Sprint to cover over 120 million Americans with 4G LTE by Christmas

Sprint’s going to launch a 4G LTE network this summer that’ll initially cover five to six cities. By the end of the year, Sprint expects to cover over 123 million Americans, and by the end of next year they expect that figure to climb to 250 million Americans. To put that number into some perspective, Verizon covers more than 200 million people right now, as in today, and they expect to reach 260 million people by the end this Christmas. AT&T covers less than 75 million people today with 4G LTE, but they say they’ll double that by the close of the year. So is Sprint catching up to the big boys? Hardly. According to Bob Azzi, Senior Vice President of Sprint’s Network, he says: “2014 is the big year.

What happens in 2014? Sprint is going to turn on 4G LTE in the 800 MHz band. That spectrum is currently being used for iDEN, better known as push to talk. Less than 6 million people are currently using that network, which means that prime real estate spectrum is being underutilized. Once Sprint moves some of their 4G LTE to that band however, they’ll be much better able to compete with the likes of AT&T and Verizon, who own spectrum in the 700 MHz band. Sprint’s network will use half the amount of spectrum (5 MHz down, 5 MHz up) that AT&T and Verizon use (both do 10 MHz down, 10 MHz up), but Sprint has half the number of customers, so … less load equals more speed? We’ll find out.

Should you care about any of this? That’s debatable. We’ve always questioned the usefulness of 4G LTE on a smartphone. This writer is on a data plan that’s capped at 1 megabit per second down and he’s never thought to himself that it was somehow “slow”. If you’re the “must share every piece of media I capture on the three or more social networks I use” type, then yes, you’ll probably appreciate the higher upload speeds that 4G LTE offers.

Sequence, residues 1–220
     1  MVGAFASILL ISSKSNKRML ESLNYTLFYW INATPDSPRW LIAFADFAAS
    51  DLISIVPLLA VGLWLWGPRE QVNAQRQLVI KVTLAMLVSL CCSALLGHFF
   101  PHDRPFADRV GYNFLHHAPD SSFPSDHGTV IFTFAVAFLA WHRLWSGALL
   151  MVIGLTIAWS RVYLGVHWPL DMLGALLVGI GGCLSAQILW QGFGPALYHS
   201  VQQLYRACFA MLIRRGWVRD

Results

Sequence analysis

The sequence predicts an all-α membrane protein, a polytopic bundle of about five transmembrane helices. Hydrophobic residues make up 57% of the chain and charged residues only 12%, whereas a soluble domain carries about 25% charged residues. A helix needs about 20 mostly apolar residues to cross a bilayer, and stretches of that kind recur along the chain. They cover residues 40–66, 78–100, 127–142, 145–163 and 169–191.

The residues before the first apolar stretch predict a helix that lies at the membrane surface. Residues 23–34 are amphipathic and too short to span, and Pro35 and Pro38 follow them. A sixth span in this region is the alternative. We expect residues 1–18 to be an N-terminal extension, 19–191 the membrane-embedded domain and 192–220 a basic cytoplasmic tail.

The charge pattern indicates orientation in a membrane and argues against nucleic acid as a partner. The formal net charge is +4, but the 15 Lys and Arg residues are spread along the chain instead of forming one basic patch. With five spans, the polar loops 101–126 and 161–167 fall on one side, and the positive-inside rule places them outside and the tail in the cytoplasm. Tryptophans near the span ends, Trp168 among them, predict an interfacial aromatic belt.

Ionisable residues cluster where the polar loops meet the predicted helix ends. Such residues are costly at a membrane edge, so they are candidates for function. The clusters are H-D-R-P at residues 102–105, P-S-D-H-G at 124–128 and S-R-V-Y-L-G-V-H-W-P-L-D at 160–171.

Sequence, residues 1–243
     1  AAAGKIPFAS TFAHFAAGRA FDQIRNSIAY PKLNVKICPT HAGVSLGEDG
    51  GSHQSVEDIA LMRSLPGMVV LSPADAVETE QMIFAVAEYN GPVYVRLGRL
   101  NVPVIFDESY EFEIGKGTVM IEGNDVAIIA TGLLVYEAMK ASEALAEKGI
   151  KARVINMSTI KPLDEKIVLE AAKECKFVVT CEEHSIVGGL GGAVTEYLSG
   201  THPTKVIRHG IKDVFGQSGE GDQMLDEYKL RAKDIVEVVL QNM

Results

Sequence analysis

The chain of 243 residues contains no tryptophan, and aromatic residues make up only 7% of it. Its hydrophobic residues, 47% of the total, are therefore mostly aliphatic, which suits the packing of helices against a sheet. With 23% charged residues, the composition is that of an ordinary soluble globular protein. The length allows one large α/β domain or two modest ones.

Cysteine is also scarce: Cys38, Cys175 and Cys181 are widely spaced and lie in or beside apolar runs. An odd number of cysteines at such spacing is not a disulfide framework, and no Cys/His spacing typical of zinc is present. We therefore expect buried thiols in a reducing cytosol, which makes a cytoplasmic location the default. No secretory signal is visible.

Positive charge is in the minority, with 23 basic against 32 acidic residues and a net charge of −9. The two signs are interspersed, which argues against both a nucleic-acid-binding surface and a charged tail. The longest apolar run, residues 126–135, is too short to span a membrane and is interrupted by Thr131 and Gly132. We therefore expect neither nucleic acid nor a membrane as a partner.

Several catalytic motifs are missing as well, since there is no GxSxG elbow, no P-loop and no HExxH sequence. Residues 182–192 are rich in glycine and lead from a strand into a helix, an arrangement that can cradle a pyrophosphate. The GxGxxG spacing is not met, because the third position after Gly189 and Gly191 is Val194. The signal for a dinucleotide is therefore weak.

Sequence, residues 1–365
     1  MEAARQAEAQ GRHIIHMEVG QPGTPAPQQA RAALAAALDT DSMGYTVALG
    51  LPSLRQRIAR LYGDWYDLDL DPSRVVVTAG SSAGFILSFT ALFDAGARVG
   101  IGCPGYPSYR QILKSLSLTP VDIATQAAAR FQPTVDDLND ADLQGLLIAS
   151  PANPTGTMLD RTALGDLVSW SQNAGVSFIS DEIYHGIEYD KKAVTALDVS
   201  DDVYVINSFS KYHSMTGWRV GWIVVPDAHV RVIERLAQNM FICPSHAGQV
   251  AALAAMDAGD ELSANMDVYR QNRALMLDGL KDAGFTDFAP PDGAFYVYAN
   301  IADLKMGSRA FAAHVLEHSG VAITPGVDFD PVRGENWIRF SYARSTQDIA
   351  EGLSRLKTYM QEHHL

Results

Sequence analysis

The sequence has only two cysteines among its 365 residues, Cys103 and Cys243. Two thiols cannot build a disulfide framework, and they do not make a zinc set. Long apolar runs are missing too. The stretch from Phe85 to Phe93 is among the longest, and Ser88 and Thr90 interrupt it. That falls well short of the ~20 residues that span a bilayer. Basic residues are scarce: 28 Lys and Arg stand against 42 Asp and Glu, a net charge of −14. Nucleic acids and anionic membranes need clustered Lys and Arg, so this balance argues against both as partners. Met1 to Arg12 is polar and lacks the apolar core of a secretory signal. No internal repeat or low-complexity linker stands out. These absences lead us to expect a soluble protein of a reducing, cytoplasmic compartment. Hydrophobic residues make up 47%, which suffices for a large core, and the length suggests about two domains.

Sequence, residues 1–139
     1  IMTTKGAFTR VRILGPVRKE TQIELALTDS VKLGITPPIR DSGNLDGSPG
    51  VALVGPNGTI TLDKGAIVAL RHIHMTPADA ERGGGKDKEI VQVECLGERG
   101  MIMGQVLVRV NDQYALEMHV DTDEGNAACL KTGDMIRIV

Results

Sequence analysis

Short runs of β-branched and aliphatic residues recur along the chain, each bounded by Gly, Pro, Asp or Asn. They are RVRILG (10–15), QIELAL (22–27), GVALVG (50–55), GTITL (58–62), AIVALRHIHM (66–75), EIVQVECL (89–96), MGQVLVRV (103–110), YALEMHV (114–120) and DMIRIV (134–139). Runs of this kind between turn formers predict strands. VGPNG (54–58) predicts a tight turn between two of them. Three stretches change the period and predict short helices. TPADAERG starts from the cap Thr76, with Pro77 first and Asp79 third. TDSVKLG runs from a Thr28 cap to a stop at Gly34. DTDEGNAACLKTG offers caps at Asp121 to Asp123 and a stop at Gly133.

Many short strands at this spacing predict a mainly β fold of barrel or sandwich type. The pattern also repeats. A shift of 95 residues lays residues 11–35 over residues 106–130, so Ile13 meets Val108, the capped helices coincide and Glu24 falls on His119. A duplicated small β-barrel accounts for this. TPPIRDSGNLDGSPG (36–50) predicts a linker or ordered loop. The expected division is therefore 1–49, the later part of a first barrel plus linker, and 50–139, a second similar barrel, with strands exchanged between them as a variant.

[Additional Reading: Fierce Wireless]

  • Anonymous

    Really don’t care what you consider to be fast.  I am curious what Sprint will be doing with their iden PTT customers.

    • They’ll be transitioning them to CDMA’s implementation of push-to-talk.

      Do you still use iDEN? I’m curious.

      • Anonymous

        No I’ve never used it, but I think it’s a neat technology.

        I was curious if there was an LTE version of iden, and it’s also indicative of how Sprint treats its customers.  There’s an app, tikl, that I think tries to do what iden did, push to talk, and it might be nice if that ability had direct LTE support.

        Before AT&T sold off to Cingular I was an AT&T customer and I gradually realized my calls were getting worse and worse.  AT&T was transitioning to I guess what they have now, and they weren’t fixing towers, nor were they giving customers notice of their maltreatment or giving us an option to change phones at a discount.

        • America being as large as it is, I’m just going to recommend you ask people in your local community about which operator is giving them the best service. Some are better than others depending on your zip code.

  • Allan Gutierrez

    So I’m assuming 

  • Allan Gutierrez

    So I’m assuming this current crop of upcoming LTE phones, galaxy nexus, viper, evo 4g lte will work on the upcoming 800 MHz band (isnt the LTE network this year on 1900 MHz)?

    • I’ll have to double check on that to be honest.

      • Allan Gutierrez

        That could be a big issue if the phones released this year are not compatible with   the new, better LTE band.  What would the actual difference be between the two LTE bands? Traffic? Speed? Please let me know if you find an answer!

        • We’re probably not going to get any additional details until the network actually launches, which is at least a quarter away, if not more. Sadly.

          • Allan Gutierrez

            Thanks.  Appreciate your info!

        • cashd00d

          Building penetration.

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